We’ve been cranking out brand-new episodes, so if you’re behind, there are treats in store:
• In last week’s episode, “Gone Pecan,” we explained how how gay got that way, we laid out the logic behind confusion between borrow, lend, and loan, and we learned the history behind grammar school. Listen to the whole episode or download the MP3.
• In “Dog and Pony Show,” we learned a favorite new expression: “He’s uglier than a dog chewing waspers.” We also heard even more from listeners about whether learning cursive is still necessary (there’s even more about that below) and we chewed over the question, “Can facts be false?” Listen to the whole episode or download the MP3.
• Three weeks ago, in “Good Juju,” we delivered the dope on use vs. utilize. Also, using Nancy Friedman’s blog “Fritinancy” as a jumping-off point, we looked into the odd histories behind words like heroin, which used to be the brand-name of a product marketed for home medical use. (Nancy’s expanded her work here, behind a paywall with a free trial.) Listen to the whole episode or download the MP3.
On the Subject of Cursive Writing
Lauren Debussy of Fort Worth, Texas, wrote not once, but twice to tell us her thoughts on cursive writing:
I am 24 years old, and one of the only people I know who still writes in cursive regularly. I was rather surprised when you mentioned some readers had written in and said that they didn’t learn cursive in school at all! I have a younger sister who is five years younger than I am, and she still learned cursive.
Speaking with my peers over the years I’ve found this shared experience in learning cursive. Cursive was introduced around second grade, and during the class time spent practicing it teachers would threaten: ‘You’re going to have to use this in third grade.’ These threats would continue every year until some point around middle school where the students realized that teachers, in fact, did not really care in what script we wrote as long as it was legible.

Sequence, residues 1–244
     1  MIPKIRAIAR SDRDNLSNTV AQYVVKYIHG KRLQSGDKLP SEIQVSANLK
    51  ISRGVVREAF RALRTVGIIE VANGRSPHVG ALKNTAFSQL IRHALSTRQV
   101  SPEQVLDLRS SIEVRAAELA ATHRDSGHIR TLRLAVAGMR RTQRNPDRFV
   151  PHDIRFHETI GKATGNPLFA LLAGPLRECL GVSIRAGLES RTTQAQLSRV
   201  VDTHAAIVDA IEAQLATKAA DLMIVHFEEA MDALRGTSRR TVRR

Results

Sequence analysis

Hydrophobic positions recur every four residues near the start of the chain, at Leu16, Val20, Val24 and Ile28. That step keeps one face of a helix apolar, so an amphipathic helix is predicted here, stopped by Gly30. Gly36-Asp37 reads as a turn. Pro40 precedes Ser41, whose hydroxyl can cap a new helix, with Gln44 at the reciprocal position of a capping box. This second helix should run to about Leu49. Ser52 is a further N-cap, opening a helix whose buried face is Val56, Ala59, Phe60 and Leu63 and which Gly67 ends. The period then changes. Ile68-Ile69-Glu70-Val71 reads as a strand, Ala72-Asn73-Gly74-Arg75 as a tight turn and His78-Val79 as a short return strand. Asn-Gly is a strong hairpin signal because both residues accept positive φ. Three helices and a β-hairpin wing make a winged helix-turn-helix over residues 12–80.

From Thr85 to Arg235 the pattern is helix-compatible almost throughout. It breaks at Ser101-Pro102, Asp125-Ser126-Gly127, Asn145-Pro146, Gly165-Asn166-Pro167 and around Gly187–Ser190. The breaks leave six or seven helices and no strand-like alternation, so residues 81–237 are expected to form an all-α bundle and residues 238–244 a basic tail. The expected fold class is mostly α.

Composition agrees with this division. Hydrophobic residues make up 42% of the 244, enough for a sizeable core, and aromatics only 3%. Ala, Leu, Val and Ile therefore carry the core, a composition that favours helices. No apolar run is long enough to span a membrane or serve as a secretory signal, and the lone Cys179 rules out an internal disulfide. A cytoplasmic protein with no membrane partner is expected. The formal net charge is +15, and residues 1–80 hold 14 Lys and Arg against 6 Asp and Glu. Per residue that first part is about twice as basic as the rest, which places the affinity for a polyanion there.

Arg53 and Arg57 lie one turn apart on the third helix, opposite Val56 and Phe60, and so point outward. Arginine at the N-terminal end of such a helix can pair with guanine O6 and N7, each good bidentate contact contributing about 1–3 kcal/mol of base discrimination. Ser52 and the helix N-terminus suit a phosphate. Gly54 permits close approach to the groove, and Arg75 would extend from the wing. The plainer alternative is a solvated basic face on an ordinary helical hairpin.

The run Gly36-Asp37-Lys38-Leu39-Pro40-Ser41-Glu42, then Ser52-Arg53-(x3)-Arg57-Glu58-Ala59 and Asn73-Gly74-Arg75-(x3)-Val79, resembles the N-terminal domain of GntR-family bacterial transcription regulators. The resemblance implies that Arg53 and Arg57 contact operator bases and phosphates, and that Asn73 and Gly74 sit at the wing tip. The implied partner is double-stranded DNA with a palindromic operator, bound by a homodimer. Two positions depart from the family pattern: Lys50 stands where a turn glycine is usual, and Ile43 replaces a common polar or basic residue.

The funniest thing about this threat though was it actually came true for some people, at least in a very specific situation. As a senior in high school I went to take the new version of the SAT that added the writing section. At the very beginning of the exam we had to write a paragraph in cursive only. I had no problem, but I remember hearing many of my peers complaining about it. I’m not sure if that’s still a part of taking the SAT now, but it was kind of nice to be justified in writing in cursive at the time. That, and I’ll always be able to read the cards that my grandparents write!
That’s not all! She also wrote — wrote — a sweet addendum. Click the image for the full size:
Not That Kind of Sandwich
We close with this anecdote from listener Laura Davison in Cleveland, Ohio.
I distinctly remember once when I was about five, my mom asked me if I wanted an ice cream sandwich. I immediately conjured up an image in my head of a scoop of vanilla ice cream between two slices of white bread and responded, ‘Eww… no!’
When I came in to the kitchen and saw my mom eating ice cream between two chocolate wafers, I asked her what it was and if I could have some. She replied, ‘This is an ice cream sandwich… you just said you didn’t want one.’ I said ‘I didn’t know you meant that!’ then told her what I thought she’d meant and we laughed and laughed. We still laugh about it to this day, some 20 years later.
Best wishes and may all your sandwiches be chocolatey, except if they’re hippopotamussy,
Martha Barnette and Grant Barrett
co-hosts of A Way with Words
Photo by Tiffany Terry. Used under a Creative Commons license.